Emergency department (ED) boarding in the United States has escalated to crisis levels, sparking significant concerns among adults, according to a poll conducted on behalf of the American College of Emergency Physicians in September 2023. This issue not only affects patient care but also has far-reaching consequences for the efficiency of emergency medical services (EMS).
The survey interviewed 2164 adults and showed that an overwhelming majority (80%) expressed serious concerns about the boarding crisis. Moreover, 43% of respondents either delayed seeking medical care at an ED or avoided it altogether if they anticipated prolonged wait times before being admitted to the hospital or transferred to another facility.
Nearly half of adults (44%) experienced long wait times following initial care in an ED, and 16% of these adults reported 13 or more hours of waiting after receiving initial care.
“The boarding crisis is a predictable result of an acute care hospital system with insufficient capacity — we lack enough space and staff in our acute care hospitals, as we have not created the bed capacity needed for an aging and higher acuity patient population, and staffing shortages for inpatient beds have resulted in a longer hospital length of stay that we observe as boarding patients in the ED,” Arjun Venkatesh, MD, the chief of emergency services at Yale New Haven Hospital, told the Medscape Medical News, commenting on the factors contributing to this crisis.
One concerning side effect of boarding in EDs is the delayed response of ambulance services. When a hospital is unprepared to receive patients arriving in an ambulance, ambulance crews often wait with the patients for extended periods until the hospital can admit them. This situation can have critical implications, as parked ambulances are unable to respond to other emergencies in the community.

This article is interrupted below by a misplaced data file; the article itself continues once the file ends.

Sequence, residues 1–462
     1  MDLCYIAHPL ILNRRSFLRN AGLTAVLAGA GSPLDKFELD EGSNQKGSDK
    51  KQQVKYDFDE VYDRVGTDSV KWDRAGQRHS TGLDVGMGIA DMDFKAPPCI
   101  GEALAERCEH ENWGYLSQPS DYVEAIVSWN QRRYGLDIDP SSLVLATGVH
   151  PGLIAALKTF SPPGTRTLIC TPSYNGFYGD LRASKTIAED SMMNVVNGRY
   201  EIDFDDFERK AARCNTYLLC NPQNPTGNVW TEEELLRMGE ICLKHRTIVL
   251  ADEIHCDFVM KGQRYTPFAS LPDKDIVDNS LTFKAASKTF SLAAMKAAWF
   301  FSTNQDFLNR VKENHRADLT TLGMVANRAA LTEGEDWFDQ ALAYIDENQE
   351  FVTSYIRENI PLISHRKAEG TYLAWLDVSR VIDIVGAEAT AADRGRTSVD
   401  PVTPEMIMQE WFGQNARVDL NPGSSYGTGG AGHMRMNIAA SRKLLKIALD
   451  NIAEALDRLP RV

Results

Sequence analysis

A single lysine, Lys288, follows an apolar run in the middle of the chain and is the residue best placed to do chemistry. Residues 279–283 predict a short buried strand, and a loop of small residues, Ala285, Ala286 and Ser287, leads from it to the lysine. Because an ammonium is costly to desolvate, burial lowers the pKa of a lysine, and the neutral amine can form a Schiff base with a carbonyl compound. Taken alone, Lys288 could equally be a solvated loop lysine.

Adults who have endured long wait times in EDs voiced concerns about the negative impact such delays can have on their medical care. The experiences of patients and their families have underscored the urgency of addressing the boarding crisis.
“There are no low-hanging fruit solutions or simple communication strategies to alleviate these concerns,” said Venkatesh, adding that “the only way to change that perception is to change the care by addressing the lack of inpatient capacity and community care capacity to avoid back-up in the ED.”
The poll revealed that 93% of adults across different demographic groups considered EMS, including paramedics, essential. Older adults were more likely to emphasize the significance of these services than younger adults.
“We all need a place for people to go when there is an emergency, whether it be trauma, a heart attack, a stroke, or similar conditions,” said Scott Weiner, MD, an associate professor of emergency medicine at Harvard Medical School and attending emergency physician at Brigham and Women’s Hospital.
“However, the modern ED is much more than that. It has become the center for coordination of care across the health system where diagnostic tests can be completed promptly, where follow-up care is arranged, and where behavioral health emergencies come,” he added.
A vast majority, 89%, believed that additional or supplemental government funding should be directed toward these essential services, highlighting the public’s concern for the accessibility of EMS.
Weiner stressed the need for a complete realignment of the payment system, “It’s unfair that public insurance like Medicaid reimburses sometimes less than a quarter of the rate that commercial insurance pays for the exact same service. This exacerbates and perpetuates disparities in health.” According to him, the solution may involve transitioning to a single-payer model, but it could face significant challenges owing to people’s apprehensions about changes in their healthcare and negative perceptions of “socialized” medicine in other countries. Furthermore, the poll found that the largest share of adults (42%) believed that hospitals should take the lead in improving boarding and shortening ED wait times. These findings indicated the need for hospitals to reevaluate their processes and capabilities to reduce boarding and enhance the overall patient experience in EDs.
“The top three entities that can fix the boarding crisis are hospitals, Congress, and insurance companies,” noted Wiener. “However, until there is parity at all levels, hospitals will continue to accept lucrative elective admissions but allow ED patients to linger without a bed,” he added.
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